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Embarrassment of riches

Stew Mossberg

One of the more venerable galleries in Vail Village is also one of the most richly endowed. A fixture in the village for 15 years, it is one of five galleries owned by James Tylich.

Known for its focus on Russian artists, Vail Fine Art Gallery also displays artists from other parts of the world. In fact, as many as 50 are represented here. With that many top quality practitioners it isn’t possible to describe all of them here. Several of them, however, are so outstanding they deserve special mention.

To be sure, such high level art does not come cheap, and Vail Fine Art, with some paintings commanding six-figure pricetags, is one of the higher priced art houses in the valley – or anywhere else for that matter.



This East Meadow Drive location is well lit and spacious. Alcoves and rooms are filled with lush art and sculpture providing the viewer with a wide range of work, styles and mediums to choose from. Among them are familiar names such as Pissaro (Paulemille), Chagall, western artist Robert Hagan, and Colorado plein air master, Don Sahli.

Sahli, who is artist in residence at the gallery in March, is represented by several paintings. Of these, I found a still life, “Zakharov’s Roses and Peonies,” to be charming, full of exotic color, and quite different from his normal subject matter, albeit the technique still exhibits his characteristic assurance and keen eye.



His “Puddles at Sunset” is more within the landscape genre, but not his usual palette. Here he has jumped into brilliant oranges, reds and yellows with a passion – and stunning results.

If you share a fondness for things Parisian, the work of Americo Makk will seem familiar. His wet Paris streets, unencumbered by traffic, horse drawn or otherwise, is reflective of a time when the Follies Bergere was in full swing. Makk’s wife, Eva, is also an outstanding practitioner of oil painting, but the work she has on view, “Vail Sparkle,” is more contemporary and provides a winter view of the village as seen from Gore Creek.

As you browse through the two levels you will find small as well as large-scale sculpture. Martin Eichenger’s work can be found in several spots, but you shouldn’t miss “Rapture.” Here is a wonderfully lyrical and romantic bronze piece, finished in a bismuth patina that looks like marble; male and female ballet-like figures entwined, their torsos springing from a double helix, spiral base.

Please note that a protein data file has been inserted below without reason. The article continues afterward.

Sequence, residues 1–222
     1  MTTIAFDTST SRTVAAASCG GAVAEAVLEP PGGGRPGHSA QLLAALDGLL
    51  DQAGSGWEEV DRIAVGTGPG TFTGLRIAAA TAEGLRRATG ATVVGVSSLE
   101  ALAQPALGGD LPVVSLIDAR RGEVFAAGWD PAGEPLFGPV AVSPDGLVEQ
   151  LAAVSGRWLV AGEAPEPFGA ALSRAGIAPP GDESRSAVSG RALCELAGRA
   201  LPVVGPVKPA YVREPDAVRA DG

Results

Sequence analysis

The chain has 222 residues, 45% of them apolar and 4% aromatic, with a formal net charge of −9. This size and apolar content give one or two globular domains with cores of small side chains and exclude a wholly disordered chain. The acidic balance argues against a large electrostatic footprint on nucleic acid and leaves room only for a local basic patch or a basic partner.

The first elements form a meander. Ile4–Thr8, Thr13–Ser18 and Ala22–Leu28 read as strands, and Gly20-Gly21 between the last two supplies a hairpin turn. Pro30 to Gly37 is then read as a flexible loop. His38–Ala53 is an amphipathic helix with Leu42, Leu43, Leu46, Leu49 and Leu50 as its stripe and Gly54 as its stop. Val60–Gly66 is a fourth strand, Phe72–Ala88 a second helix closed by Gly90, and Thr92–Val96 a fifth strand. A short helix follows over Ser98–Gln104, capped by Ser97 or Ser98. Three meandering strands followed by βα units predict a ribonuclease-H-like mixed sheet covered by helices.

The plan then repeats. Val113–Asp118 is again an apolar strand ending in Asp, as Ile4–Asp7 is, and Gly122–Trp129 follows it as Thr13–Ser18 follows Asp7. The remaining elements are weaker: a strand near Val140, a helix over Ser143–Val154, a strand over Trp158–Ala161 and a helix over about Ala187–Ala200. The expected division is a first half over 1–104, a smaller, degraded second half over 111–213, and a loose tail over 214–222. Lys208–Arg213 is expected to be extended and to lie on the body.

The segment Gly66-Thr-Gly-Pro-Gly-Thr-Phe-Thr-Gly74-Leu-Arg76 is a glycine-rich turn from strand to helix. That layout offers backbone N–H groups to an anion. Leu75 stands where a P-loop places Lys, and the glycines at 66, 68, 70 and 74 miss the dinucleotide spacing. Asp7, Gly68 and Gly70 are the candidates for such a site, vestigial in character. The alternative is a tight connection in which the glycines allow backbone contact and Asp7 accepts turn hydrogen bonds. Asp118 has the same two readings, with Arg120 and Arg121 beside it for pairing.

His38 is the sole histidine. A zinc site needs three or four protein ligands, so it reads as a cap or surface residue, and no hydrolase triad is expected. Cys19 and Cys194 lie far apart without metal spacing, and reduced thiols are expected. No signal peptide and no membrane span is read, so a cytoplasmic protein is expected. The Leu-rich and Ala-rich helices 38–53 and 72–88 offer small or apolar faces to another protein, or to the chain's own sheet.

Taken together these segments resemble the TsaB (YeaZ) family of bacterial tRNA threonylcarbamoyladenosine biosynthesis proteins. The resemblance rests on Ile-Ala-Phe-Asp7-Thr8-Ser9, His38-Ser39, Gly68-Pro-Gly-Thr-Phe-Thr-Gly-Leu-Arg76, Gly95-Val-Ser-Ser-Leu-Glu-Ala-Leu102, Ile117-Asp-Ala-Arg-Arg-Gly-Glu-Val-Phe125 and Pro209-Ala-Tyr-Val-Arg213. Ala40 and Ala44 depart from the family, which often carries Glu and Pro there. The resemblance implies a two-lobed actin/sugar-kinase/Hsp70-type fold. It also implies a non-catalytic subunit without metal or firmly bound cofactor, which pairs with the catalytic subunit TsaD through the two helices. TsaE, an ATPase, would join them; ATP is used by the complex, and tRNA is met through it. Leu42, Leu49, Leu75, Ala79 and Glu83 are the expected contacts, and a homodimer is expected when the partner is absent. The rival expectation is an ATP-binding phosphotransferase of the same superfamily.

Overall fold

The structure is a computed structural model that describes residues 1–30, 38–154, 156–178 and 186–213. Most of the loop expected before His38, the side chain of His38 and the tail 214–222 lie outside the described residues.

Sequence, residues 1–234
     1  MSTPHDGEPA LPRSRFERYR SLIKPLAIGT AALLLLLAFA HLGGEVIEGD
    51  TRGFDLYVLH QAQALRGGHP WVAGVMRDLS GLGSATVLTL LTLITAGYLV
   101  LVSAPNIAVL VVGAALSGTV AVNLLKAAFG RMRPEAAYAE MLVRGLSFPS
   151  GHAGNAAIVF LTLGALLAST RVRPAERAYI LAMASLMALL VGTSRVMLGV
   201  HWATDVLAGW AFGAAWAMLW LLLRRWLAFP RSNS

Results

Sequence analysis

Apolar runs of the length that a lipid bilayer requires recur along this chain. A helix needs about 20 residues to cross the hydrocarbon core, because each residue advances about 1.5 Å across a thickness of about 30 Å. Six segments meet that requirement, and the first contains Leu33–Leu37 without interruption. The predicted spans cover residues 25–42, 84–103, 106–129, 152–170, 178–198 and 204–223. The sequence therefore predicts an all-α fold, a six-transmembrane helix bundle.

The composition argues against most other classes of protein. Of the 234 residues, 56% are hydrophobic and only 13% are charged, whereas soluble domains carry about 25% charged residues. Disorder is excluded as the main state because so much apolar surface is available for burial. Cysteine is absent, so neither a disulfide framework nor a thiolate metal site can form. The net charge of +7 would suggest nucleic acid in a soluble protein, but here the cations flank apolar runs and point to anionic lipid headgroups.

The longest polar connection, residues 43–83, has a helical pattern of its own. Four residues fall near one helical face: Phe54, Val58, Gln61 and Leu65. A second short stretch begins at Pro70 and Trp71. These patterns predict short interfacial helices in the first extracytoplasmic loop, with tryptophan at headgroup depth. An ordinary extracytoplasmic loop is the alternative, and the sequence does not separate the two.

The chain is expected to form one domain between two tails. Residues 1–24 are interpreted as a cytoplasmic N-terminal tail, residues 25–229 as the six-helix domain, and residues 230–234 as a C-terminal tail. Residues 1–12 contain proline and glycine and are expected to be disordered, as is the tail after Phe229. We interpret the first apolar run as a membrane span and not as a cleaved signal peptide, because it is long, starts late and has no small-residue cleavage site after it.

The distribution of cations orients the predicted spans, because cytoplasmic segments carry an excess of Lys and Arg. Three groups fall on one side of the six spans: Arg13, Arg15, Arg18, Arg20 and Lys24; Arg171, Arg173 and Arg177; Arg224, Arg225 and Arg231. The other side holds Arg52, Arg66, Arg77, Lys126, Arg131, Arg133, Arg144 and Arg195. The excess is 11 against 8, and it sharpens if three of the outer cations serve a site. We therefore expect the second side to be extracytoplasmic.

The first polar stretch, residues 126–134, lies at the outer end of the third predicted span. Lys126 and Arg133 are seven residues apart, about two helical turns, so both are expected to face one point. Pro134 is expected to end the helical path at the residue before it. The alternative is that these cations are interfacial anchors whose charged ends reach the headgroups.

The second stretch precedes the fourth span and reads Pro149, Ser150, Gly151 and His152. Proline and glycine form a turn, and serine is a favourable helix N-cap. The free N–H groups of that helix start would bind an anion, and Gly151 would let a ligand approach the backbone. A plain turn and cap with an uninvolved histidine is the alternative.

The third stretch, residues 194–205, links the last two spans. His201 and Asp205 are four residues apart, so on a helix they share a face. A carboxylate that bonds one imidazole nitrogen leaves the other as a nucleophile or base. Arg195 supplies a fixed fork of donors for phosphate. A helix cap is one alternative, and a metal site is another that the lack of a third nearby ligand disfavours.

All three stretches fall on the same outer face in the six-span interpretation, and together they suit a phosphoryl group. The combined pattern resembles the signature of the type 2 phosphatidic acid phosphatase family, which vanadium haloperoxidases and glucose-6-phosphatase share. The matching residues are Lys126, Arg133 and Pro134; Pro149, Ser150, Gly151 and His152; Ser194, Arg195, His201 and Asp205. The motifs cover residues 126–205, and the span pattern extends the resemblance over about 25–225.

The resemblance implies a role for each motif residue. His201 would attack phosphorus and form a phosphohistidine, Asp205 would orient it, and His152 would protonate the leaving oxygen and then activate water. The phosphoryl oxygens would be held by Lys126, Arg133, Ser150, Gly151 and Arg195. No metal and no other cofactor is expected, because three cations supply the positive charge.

Perhaps the most impressive of all the work on exhibit is the monumental painting by Karp Trokhimenko, “Rachmainoff, Gorky and Shaliapin, 1917.” The scene captures some of Russian history’s theatrical figures in a private moment. The large-scale work provides a glimpse into the lives of these men that is almost voyeuristic, while creating a sense of wistful charm. The non-descript background fascinated me almost as much as the foreground subjects. The Impressionistic, pastel colors frame the figures, and are reflected in their clothing, yet all are well grounded by the brighter red Oriental rug. Gorky, in Cossack dress, sits pensively listening to Rachmainoff at the piano, while bass singer Shaliapin contemplates the score.

I was entranced, too, by Vladimir Nasanov’s “Frosty Evening.” It is one of those paintings where the brushstrokes are very much in evidence, suggesting an almost simplistic technique, albeit it is anything but. Nasanov has also created a painting of a Parisian street scene entitled “Paris Taxi.” It is worth revisiting the Americo Makk image mentioned above to appreciate the contrast between these two artist’s techniques as they treat a similar theme.

On the lower level of the gallery there is an arresting horizontally formatted painting by Iosif A. Serebryany. “Marten Steelworkers” pays homage to the working man. The orange glow on their strong, chiseled features is a reflection of the furnace fires, and provides a unique lighting for portraiture.

As Russian painters go, Feodor Zakharov is a well-known colorist, and Vail Fine Art has several of his canvases on display. One of my favorites is “In Massanra.” Like most of his work, it exhibits a nervous energy with quick, yet assured, brushstrokes.

This is one of the few galleries in the Valley large enough to encompass such a broad range of work, one where you can actually step back and admire, as well as study a painting or sculpture.

Stew Mosberg is a writer and journalist working out of Blue River, Colorado. He holds a Bachelor of Design degree from the University of Florida, College of Fine Arts and Architecture, is author of two books on design and is the recipient of a grant from the National Endowment for the Arts.


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